“Much of the North County is retired military men who believed in the Armed Services so strongly they made it their lives’ career. The small but determined group of people who compose the MDM and Green Machine have made themselves strongly felt in the area, while accomplishing little. Most people in the Tri-City area look upon the two groups as little more than troublemakers, and the two groups have done little to prove otherwise.

“The Blade-Tribune, which first brought the machinations of these groups to the public eye, questions the motivations and honesty of the MDM and Green Machine. They have publicly admitted that their intent is to tear down the military, the backbone of the nation’s defense. They hedge when asked where their funding comes from, and just who supports the non-working crew. They have done little but cause trouble in the community, from polarizing the dissident blacks at Camp Pendleton to attracting every unhappy “marine” who bit off more than he could chew when he enlisted. They stir up trouble, under the guise of “liberating the enlisted man.” They deserve all the public dislike and distrust they have generated.

“But no matter how vociferous the disagreement, the differences should never have come to the shooting which occurred on Tuesday night. That act is far more damaging to the situation in the north County than weeks of weak, ill-attended and poorly supported demonstrations by the MDM.

“The residents of this area should be relieved that no one died in that shooting of the MDM headquarters.  The 25 or so persons in the home at the time miraculously escaped the 11 shots fired. Had one of those persons been killed, it would have polarized the forces supporting the MDM, given the group a martyr, and likely prompted an influx of national leftwing radicals into the area.

“The North County can live with the MDM, despite how strongly most of the area’s residents oppose the group’s philosophies. But it cannot live with what will result from any more of the idiocy which prompted the gang-style shooting attack on the MDM staff house on Tuesday.

“The Blade-Tribune recommends those who disagree with the MDM make their protests in the form of staunch patriotism, not in midnight sneak attacks.”

On April 30, 1970, just two days after the shooting, the MDM organized a demonstration at Santa Fe Park in Vista. Several people were arrested for “disturbing the peace, parading without a permit and unlawful assembly.” Pleading not guilty were Michael Anthony Lawrence, 25, disturbing the peace and unlawful assembly; Thomas Dudley Horowitz (sic), 23, disturbing the peace and parading without a permit; Pvt. Maurice Carl Durham, 20, disturbing the peace; LCpl. William Curtis Chatman III, 21, violating the parade ordinance; James Nelson Snyder, 22, disturbing the peace; and Teresa Cerda, 18, disturbing the peace and parading without a permit.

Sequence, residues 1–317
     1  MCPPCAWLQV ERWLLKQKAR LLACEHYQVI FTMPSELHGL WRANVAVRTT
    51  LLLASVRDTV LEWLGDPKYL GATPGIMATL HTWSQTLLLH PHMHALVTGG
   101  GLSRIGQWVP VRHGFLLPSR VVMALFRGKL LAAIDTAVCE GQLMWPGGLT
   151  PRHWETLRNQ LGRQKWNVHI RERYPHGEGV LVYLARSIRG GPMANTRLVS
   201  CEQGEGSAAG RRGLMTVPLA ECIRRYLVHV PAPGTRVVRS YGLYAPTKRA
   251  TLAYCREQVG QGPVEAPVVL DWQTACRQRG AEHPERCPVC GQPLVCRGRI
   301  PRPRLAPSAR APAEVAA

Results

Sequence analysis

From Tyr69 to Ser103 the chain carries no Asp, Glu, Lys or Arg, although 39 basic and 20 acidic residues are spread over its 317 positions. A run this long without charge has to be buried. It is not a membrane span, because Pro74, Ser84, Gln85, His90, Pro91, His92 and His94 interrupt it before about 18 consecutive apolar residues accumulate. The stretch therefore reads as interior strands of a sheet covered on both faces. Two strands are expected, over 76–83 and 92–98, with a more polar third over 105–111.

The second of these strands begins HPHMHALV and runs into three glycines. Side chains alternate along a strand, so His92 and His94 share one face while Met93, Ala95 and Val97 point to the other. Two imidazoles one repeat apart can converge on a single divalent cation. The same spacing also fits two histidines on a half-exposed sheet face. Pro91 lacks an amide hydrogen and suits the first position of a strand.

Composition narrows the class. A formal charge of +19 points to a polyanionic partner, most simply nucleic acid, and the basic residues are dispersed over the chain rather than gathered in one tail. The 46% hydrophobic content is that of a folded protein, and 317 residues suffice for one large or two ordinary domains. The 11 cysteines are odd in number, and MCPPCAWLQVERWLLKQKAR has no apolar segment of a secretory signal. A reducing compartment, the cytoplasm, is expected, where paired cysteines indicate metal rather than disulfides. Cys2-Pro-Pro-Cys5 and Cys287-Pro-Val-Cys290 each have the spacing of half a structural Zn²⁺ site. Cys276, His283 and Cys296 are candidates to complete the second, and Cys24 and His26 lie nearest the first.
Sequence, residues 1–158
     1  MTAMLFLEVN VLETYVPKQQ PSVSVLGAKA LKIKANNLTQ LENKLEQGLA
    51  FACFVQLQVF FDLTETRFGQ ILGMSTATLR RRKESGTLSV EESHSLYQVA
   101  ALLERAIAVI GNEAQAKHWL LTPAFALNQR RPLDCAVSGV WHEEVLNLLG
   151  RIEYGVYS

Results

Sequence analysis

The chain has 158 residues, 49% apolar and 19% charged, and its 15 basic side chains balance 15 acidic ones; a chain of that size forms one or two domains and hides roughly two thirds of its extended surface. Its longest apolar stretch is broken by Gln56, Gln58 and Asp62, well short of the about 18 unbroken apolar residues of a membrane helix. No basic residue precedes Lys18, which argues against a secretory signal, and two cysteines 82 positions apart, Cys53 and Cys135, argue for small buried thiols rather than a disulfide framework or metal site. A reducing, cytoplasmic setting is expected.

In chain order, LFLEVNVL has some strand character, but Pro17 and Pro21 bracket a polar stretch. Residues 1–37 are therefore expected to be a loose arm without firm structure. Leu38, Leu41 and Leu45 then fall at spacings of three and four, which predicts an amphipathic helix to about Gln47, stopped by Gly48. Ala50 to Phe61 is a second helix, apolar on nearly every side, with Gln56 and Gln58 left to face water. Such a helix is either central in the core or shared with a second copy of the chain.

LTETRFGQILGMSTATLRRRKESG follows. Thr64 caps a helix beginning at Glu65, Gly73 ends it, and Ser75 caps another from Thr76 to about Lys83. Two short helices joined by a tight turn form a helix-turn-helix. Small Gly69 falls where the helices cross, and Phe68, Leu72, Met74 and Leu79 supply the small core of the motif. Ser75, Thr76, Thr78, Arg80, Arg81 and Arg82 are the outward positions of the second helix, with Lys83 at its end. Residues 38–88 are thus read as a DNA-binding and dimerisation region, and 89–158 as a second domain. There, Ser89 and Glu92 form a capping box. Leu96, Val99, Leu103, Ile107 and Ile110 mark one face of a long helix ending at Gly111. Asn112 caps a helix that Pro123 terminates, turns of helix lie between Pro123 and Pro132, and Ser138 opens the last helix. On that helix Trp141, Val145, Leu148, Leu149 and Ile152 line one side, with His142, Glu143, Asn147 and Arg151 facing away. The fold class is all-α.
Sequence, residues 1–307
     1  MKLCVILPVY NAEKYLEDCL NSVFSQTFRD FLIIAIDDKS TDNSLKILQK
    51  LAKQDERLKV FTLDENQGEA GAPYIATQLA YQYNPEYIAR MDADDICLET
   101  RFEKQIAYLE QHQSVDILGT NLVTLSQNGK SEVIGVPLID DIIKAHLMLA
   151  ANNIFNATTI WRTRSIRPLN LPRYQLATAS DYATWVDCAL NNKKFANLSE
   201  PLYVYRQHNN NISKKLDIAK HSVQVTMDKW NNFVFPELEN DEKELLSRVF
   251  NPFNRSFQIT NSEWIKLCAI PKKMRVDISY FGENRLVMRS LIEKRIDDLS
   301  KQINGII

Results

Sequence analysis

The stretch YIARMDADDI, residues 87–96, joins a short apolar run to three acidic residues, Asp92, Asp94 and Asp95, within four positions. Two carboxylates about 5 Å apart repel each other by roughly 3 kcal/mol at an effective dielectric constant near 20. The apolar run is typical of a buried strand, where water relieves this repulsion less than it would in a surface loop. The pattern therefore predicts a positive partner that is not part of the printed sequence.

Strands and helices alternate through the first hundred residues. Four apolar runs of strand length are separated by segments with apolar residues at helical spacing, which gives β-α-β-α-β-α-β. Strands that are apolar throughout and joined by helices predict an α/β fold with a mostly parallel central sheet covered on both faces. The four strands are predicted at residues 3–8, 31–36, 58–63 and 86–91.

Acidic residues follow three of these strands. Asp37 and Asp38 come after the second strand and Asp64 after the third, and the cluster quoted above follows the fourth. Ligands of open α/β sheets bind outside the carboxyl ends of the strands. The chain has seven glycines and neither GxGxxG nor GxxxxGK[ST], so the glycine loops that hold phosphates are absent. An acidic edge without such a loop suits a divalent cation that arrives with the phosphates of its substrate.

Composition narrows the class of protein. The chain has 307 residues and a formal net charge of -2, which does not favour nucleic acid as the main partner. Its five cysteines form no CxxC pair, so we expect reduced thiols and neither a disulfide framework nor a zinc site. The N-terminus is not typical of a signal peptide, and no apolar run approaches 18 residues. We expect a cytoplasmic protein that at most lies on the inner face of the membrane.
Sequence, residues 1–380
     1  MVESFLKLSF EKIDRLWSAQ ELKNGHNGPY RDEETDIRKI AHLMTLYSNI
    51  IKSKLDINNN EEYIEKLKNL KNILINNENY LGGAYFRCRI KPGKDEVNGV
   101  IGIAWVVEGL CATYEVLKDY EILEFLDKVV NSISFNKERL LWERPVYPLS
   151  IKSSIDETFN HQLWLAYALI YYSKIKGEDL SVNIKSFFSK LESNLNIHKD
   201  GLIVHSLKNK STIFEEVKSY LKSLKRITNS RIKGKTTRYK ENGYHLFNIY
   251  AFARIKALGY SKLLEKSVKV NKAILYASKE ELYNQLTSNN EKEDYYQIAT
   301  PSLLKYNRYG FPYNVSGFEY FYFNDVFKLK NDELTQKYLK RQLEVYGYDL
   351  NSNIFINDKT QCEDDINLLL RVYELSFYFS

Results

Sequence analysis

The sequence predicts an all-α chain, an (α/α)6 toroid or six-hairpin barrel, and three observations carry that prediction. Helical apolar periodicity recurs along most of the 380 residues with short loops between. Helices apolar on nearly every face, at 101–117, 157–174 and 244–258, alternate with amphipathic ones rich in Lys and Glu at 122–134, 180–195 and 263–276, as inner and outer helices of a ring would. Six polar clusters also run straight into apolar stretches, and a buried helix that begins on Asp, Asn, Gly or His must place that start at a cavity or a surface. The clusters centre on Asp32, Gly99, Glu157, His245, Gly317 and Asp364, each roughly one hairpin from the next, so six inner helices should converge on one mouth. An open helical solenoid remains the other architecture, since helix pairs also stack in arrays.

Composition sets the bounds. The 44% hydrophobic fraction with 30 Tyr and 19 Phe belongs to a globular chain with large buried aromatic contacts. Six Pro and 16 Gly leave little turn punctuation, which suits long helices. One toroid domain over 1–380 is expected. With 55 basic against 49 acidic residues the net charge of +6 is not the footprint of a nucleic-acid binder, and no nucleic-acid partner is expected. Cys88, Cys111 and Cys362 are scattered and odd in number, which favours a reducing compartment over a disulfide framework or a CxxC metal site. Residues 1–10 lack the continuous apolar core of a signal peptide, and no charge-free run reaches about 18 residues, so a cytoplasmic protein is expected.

Just weeks later city leaders and downtown business owners would brace themselves for another “anti-war march and rally” expected to draw a crowd of 20,000. The city again denied a parade permit which the MDM appealed. U. S. District Court Judge Howard B. Turrentine temporarily upheld the city’s denial but set a hearing on the matter. Leaders of the protest said they would go forward with their planned demonstrations with or without a permit.

Governor Ronald Reagan’s office issued a statement saying that that “the governor will keep a close watch on the situation in Oceanside, since receiving a telegram Thursday from U. S. Senator Alan Cranston (D-Calif.) in which the senator declared the demonstration ‘Poses a serious threat of possible violence.’” Adding that “If mutual aid is requested, we are ready to supply whatever assistance is needed.”

Law enforcement both city and county met to assess the pending protest. It was reported that the National Guard would “be on an alert, if the situation should get out of control.”

Mayor Howard Richardson stated that, “Oceanside has no intention of providing demonstrators with reasons for violence.  We shall do all within our power to assure the demonstration remains peaceful.”

An unidentified spokesperson for the MDM told the local newspaper that demonstrators would gather at the municipal parking lot at Third (Pier View Way) and Cleveland at 12:30 p.m. Saturday and that protestors would “march south to Tyson; west on Tyson to Pacific Street; South on Pacific to Wisconsin; West on Wisconsin to the Strand and north to the beach stadium.”

Tom Hurwitz stated that he was working with Oceanside police in an effort to keep the demonstration peaceful and added “we will have several hundred monitors to assist the police in controlling the march as it moves from the assembly area to the beach.”

Marchers at the intersection of Mission and Hill Street (Coast Highway) in 1970

On May 16, 1970 an organized march and protest was held but numbers were much lower than the 20,000 persons predicted. A reported 700 law enforcement officers and 200 monitors provided by the MDM watched as a crowd of 4,000 to 5,000 gathered on the streets of downtown Oceanside.

Kent Hudson declared the march a “tremendous success” and praised both the monitors and police for their handling of the situation. The march began with shouts of “Stop the War” and “Peace Now” as well as anti-Nixon, anti-war chants.

It was reported that some of the demonstrators lashed out at the military guards present, shouting obscenities, but the newspaper reported that they were, for the most part, “drowned out by anti-war chatter and hand-clapping by the protesters.”

Footage of 1970 protest from CBS 8 San Diego below:

As the march continued towards the beach, a Santa Fe freight train came into town, blocking the protesters from continuing on their route. After a disruption of ten minutes, the engineer was instructed to proceed south to San Diego without picking up his intended freight. Protesters then made their way south on Pacific Street to Wisconsin where they walked the Strand to the Beach Stadium.